Prossor Gifford, who prefaces almost every statement with "As you probably know," offers a slightly different spin. "The responsibilities are designedly minimal," he says. These responsibilities, which include organizing a reading series and giving a poetry reading and a lecture, are negligible considering the $35,000 paycheck. But, Gifford adds rather ominously, "As you probably know, the expectations for the position have certainly been heightened by the last two laureates. We try to find laureates who will rise to the occasion."

Hass says, "What happens is that you get a lot of opportunities, a lot of invitations, and you have to figure out what you can usefully do." Both Hass and his predecessor, Rita Dove, proved themselves tireless in their efforts to be useful. Hass organized art and poetry contests for children, and initiated a weekly poetry column in the Washington Post Book World, which has since been picked up by 20 newspapers. Dove worked to bring poetry into public schools, and injected elements of jazz and Native American poetry into her reading series. "I did it for two years," says Hass, "and I did it hard."

Another very active poet, Gail Mazur, who teaches a graduate creative-writing course at Emerson and directs the Blacksmith House Poetry Series, agrees that Pinsky has his work cut out for him: "The last couple of laureates have set the bar very high. But," she continues, "Robert has great stamina, and such a crisp mind."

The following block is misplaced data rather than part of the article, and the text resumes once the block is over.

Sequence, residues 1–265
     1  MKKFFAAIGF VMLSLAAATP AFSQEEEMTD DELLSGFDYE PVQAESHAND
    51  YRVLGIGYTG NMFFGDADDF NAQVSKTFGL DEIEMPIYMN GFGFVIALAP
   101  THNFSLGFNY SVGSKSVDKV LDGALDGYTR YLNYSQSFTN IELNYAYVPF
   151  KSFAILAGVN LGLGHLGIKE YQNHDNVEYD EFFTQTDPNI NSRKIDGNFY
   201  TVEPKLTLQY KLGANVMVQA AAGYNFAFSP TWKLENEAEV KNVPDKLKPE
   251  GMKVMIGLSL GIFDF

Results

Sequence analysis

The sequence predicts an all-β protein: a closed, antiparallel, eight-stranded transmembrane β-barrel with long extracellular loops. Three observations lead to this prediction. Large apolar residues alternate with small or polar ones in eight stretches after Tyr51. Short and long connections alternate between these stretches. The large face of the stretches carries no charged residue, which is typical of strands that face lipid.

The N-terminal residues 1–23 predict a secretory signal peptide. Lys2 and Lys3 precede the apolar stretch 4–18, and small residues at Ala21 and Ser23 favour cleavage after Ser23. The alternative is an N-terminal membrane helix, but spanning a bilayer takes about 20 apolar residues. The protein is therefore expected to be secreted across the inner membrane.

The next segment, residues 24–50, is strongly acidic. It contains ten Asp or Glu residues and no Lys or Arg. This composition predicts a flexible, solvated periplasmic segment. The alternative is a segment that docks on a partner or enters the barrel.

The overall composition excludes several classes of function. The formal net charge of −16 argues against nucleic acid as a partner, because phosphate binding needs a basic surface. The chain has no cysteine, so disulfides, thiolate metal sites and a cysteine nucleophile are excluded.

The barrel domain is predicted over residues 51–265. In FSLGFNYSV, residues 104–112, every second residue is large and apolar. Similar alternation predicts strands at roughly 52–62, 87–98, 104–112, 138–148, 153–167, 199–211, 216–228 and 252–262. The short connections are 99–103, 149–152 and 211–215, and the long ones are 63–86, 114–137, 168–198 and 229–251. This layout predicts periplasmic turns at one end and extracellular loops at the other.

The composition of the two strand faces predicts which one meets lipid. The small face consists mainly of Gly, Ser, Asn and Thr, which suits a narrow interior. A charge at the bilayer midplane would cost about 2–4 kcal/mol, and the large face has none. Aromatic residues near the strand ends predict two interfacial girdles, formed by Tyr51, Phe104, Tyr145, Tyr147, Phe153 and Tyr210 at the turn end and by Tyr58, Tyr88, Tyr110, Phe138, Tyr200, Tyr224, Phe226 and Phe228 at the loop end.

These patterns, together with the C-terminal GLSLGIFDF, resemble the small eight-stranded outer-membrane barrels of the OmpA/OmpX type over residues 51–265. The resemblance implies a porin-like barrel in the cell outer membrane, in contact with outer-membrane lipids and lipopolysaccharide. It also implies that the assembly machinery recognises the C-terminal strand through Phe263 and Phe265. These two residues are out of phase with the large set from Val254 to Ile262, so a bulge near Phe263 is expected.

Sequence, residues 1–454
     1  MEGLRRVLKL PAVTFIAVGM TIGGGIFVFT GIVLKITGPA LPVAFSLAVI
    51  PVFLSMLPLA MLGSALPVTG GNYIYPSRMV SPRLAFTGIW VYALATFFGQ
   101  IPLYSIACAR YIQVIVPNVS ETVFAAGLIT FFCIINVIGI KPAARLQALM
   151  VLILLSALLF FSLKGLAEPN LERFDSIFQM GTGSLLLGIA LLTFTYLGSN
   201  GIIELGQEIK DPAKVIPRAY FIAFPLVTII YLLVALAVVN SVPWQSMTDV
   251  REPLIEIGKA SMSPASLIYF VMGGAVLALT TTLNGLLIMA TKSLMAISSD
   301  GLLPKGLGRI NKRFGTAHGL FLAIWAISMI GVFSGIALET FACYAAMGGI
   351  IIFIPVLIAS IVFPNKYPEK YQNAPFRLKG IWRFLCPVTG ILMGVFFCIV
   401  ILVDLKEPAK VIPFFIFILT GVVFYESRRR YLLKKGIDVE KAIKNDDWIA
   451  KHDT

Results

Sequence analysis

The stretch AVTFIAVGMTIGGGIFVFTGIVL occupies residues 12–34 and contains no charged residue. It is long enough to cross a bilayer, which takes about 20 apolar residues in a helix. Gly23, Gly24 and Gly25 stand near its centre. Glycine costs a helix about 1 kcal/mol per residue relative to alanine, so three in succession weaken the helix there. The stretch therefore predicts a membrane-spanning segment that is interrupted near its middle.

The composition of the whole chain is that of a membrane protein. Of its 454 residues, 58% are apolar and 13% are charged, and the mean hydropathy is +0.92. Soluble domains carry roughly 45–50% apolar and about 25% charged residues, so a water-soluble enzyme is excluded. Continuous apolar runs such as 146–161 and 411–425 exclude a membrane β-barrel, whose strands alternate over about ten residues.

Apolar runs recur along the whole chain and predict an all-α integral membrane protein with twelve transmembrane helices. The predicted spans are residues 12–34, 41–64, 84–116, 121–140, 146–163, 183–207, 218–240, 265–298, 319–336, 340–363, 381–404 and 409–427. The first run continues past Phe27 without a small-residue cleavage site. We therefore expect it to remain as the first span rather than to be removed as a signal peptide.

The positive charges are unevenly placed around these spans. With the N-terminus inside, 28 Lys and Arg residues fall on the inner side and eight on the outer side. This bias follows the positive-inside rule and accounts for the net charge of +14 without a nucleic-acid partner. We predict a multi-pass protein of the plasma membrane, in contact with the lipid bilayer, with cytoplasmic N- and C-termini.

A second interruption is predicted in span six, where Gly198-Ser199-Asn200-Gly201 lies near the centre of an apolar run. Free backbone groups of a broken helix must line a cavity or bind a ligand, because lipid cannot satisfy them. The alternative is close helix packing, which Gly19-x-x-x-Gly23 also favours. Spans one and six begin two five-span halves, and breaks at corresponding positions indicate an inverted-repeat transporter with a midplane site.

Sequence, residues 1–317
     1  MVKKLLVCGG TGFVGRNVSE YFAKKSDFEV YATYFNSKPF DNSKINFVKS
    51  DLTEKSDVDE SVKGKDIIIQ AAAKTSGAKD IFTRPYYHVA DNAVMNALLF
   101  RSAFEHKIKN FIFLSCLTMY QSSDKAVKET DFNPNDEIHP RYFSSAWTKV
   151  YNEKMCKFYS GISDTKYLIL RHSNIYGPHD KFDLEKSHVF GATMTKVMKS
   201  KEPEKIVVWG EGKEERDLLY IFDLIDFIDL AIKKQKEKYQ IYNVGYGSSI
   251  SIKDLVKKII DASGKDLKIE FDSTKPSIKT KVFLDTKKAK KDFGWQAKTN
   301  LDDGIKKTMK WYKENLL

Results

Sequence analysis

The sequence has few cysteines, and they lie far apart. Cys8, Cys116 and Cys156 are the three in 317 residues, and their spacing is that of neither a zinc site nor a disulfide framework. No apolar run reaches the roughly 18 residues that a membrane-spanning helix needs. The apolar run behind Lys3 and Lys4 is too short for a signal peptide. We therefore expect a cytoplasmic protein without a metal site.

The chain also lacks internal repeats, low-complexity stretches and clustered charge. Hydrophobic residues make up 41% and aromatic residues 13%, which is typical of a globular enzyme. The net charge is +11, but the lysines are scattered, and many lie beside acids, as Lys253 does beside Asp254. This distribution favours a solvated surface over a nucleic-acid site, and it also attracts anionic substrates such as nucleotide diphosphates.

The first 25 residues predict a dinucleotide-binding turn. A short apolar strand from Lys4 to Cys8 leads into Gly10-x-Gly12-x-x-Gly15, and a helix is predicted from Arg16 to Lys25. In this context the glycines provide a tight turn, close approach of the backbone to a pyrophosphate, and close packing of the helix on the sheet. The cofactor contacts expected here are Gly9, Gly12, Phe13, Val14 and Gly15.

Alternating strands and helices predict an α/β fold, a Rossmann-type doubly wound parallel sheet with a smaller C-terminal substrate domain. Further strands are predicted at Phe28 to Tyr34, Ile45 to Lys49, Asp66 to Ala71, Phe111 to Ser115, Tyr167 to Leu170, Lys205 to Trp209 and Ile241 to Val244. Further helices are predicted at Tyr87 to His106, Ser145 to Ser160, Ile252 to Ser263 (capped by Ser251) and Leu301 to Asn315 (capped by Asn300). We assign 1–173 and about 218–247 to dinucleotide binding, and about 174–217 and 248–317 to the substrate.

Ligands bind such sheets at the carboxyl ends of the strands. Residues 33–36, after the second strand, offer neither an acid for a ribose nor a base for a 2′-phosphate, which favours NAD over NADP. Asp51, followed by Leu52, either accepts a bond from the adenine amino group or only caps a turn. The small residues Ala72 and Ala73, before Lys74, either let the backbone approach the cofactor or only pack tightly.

Indeed, Pinsky already has a couple of irons in the fire. For one thing, he is known to be as comfortable dabbling in cyberspace as on the page. According to one of his contemporaries, "Robert was the first poet on the block to get a grip on technology." During our interview, he enthusiastically plays an audio clip (from Slate) of C.K. Williams reading one of his own poems, and explains how he believes computers can help disseminate the spoken word as well as the written.

Slate's editor, Michael Kinsley, says that Pinsky has been doing great work for the online magazine. "I'm not a poetry expert," he says, "but we were thrilled to get him. He wants to make poetry on the Internet his mandate, and we're delighted by that." With his Inferno project, Pinsky has proved himself a programmer as well as an enthusiast, which delights Prossor Gifford as well: "The Library has a big presence on the web, and we're hoping that Robert will help us get poetry on there," he says.

Also, Pinsky has decided on one definite outreach strategy, adapted from his favorite classroom exercise, in which he will invite people to read their favorite works of poetry aloud. He has rather colorfully suggested the likes of Bill Clinton and Jesse Helms as possible candidates to read their favorite poems in public. "If that person has no favorite poem," he explains, "perhaps that's cause for introspection in that person, or something for others to think about."

But Pinsky does not intend to use poetry as a political tool. Rather, he seeks to heighten appreciation of the great poetry that's around us, to make people aware not only of a grand tradition, but that we ourselves are a part of that tradition. "I think the more people perceive the continuity between the language that charms or impresses them and all the great poets of the past," he says, "the better off we'll be." It's a fundamental but deceptively slippery notion: despite the centuries separating them, "Gather ye rosebuds while ye may" and "Why don't we do it in the road?" are very closely related.